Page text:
FloraFinder.org
Home   About Us   Want to Help?   FAQ  
Searching   Image Use Biblio

Pilea pumila (L.) A. Gray

 

Clearweed

KingdomPlantaePlants, but not fungi, lichens, or algae
SubkingdomTracheobiontaVascular plants—plants with a “circulatory system” for delivering water and nutrients
DivisionMagnoliophytaFlowering plants, also known as angiosperms
ClassMagnoliopsidaDicotyledons—plants with two initial seed leaves
SubclassRosidaeRoses, legumes, proteas, dogwoods, hydrangeas, mistletoes, euphorbias, grapes, many more
OrderUrticalesIncludes cannabis, nettles, mulberries, elms, others
FamilyUrticaceaeNettle family
GenusPileaMostly succulent herbs; from Greek pilos, “cap” (from the shape of some flower parts)
SpeciespumilaMeans “dwarf”

About plant names...

Clearweed is a North American native, a member of the nettle family.

Plants: Clearweed is 6-24" (15-60 cm) high, with smooth, round stems that are somewhat translucent. These plants resemble other nettles, including stinging nettle, but they lack the hairs that cause the sting.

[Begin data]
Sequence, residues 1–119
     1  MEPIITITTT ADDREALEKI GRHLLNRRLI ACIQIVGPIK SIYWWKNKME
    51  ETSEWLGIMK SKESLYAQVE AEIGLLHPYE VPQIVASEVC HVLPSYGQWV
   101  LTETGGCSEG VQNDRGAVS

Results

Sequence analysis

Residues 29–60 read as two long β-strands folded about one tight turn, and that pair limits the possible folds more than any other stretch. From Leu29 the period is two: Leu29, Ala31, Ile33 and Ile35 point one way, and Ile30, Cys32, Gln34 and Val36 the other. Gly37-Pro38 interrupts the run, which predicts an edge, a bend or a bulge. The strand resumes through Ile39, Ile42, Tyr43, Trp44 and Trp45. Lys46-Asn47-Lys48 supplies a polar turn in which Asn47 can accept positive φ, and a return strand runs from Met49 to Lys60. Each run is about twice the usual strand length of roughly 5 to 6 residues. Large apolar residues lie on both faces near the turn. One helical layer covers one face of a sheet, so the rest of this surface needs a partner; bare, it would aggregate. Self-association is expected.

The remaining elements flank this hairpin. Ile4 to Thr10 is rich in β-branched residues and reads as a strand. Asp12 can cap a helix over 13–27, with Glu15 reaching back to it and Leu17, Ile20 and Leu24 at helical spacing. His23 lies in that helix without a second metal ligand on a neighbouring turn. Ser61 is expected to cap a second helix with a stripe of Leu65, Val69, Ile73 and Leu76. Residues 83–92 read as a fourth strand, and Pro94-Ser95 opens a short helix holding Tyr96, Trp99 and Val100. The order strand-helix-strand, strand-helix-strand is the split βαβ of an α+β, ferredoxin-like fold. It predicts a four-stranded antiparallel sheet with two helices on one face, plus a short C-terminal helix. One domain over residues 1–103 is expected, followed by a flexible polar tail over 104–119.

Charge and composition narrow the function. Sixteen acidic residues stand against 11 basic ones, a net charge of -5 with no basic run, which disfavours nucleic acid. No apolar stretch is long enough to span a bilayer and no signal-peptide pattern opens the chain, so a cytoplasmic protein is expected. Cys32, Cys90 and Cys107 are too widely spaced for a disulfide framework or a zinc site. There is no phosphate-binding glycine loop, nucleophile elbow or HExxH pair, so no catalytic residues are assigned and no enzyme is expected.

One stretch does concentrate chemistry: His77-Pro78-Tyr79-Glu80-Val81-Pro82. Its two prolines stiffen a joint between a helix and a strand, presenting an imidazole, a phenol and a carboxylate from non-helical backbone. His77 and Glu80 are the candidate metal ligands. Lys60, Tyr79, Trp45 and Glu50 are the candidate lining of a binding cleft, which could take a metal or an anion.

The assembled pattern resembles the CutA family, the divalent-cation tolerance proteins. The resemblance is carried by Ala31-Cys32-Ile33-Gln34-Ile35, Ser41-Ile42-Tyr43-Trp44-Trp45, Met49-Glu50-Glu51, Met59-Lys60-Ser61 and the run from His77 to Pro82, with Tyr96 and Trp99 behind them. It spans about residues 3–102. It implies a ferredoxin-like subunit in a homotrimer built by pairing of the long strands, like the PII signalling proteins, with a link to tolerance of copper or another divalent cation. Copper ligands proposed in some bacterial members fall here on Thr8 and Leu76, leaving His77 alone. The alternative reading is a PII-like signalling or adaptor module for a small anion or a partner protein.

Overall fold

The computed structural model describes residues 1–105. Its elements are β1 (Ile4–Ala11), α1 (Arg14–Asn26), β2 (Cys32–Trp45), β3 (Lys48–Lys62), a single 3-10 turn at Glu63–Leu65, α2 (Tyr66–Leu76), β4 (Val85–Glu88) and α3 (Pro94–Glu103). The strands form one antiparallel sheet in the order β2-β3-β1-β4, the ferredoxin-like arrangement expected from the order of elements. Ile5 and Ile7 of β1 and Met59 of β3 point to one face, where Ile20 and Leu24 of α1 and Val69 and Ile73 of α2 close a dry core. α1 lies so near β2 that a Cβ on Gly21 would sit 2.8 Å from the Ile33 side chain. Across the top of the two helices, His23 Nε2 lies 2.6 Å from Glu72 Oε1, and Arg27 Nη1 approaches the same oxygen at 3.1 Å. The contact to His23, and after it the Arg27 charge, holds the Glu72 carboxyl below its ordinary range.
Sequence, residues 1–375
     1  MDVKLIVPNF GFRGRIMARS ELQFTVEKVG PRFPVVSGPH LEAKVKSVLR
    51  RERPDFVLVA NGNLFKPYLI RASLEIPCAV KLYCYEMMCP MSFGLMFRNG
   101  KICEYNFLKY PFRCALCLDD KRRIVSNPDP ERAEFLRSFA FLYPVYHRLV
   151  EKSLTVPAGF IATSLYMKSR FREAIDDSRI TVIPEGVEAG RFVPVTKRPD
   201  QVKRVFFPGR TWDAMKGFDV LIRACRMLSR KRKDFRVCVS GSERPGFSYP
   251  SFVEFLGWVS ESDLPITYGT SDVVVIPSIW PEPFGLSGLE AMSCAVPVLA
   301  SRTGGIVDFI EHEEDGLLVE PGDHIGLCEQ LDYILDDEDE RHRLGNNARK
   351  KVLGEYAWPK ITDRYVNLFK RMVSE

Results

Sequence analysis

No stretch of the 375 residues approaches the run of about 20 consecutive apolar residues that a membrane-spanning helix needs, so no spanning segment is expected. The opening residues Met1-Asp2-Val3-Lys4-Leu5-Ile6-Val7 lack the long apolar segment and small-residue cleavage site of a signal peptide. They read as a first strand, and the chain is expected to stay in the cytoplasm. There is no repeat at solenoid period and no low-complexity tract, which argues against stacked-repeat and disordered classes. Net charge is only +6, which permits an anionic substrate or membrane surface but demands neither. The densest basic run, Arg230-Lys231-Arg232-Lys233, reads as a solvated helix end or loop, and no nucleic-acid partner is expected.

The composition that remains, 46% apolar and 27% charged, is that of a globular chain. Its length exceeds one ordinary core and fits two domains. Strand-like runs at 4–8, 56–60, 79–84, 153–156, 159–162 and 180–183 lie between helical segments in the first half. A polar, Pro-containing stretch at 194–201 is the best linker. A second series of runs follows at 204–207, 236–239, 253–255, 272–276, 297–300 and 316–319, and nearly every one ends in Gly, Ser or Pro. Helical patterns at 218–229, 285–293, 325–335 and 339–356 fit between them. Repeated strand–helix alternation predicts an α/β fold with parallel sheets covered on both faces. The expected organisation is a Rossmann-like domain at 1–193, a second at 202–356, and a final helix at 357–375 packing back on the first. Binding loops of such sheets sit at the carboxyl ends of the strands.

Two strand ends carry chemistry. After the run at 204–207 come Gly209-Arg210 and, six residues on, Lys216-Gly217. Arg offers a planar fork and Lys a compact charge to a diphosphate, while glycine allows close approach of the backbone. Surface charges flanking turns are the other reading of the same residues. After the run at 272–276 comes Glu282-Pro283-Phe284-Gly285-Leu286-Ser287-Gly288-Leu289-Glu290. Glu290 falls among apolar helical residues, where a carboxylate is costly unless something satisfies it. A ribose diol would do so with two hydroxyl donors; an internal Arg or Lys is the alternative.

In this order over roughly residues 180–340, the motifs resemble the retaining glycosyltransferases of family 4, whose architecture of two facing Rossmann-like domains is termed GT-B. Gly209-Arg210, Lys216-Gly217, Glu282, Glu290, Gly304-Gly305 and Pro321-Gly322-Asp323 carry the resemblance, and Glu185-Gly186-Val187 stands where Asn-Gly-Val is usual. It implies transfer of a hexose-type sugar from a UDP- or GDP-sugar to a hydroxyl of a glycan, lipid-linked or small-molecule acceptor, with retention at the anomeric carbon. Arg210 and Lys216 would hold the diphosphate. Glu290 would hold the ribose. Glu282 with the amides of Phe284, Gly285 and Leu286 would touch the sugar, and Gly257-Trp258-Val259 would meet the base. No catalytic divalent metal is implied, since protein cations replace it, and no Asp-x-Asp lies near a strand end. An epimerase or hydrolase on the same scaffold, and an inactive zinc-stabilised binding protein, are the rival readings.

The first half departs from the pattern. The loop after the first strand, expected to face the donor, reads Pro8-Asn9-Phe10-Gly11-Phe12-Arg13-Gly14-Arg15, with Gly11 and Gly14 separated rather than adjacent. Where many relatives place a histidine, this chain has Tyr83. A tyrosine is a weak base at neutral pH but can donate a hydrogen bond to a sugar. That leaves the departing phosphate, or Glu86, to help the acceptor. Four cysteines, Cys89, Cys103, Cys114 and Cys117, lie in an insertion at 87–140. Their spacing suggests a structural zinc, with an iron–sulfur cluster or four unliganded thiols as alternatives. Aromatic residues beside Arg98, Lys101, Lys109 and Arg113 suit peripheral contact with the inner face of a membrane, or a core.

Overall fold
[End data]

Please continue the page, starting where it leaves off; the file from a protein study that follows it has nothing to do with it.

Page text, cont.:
Leaves: In opposite pairs, each 1-5" (2.5-12 cm) long by ½-2½" (1.3-6.3 cm) wide. Leaves are oval-shaped and coarse-toothed, with three prominent veins and textured leaves. The leaves are bright green, usually shiny, and become yellow in the fall.

Flowers: Both male and female flowers are found on each plant. Individual flowers are ⅛" (3.2 mm) long, greenish-white or greenish-yellow. They drop in narrow bunches from the axils of the upper leaves.

Fruits: Tiny green seeds (achenes) sometimes have black stripes.

 

Pilea pumila (clearweed)

8/22/2012 · Squannacook River Wildlife Area, Townsend, MA
≈ 7 × 4½" (17 × 11 cm) ID is uncertain

Pilea pumila (clearweed)

8/22/2012 · Squannacook River Wildlife Area, Townsend, MA
≈ 9 × 6" (22 × 14 cm) ID is uncertain

Pilea pumila (clearweed)

8/22/2012 · Squannacook River Wildlife Area, Townsend, MA
≈ 6 × 4" (15 × 10 cm) ID is uncertain

See this article by Steve Brill on distinguishing among nettles and related plants. Here are some similar species:
 
Laportea canadensis

Boehmeria cylindrica

Acalypha rhomboidea
Common Name

wood nettle

false nettle

three-seeded mercury
Plant 24-48" (60-121 cm) high. Stems have stiff white hairs that sting if you rub against them. 4-63" (10-160 cm) high, and favor shady wooded areas. Stems are smooth, without the irritating hairs of stinging nettle. 6-24" (15-60 cm) tall, with a stem that is hairless or covered with fine white hairs. Bracts beneath flowers, stems, and leaf undersides turn copper-colored.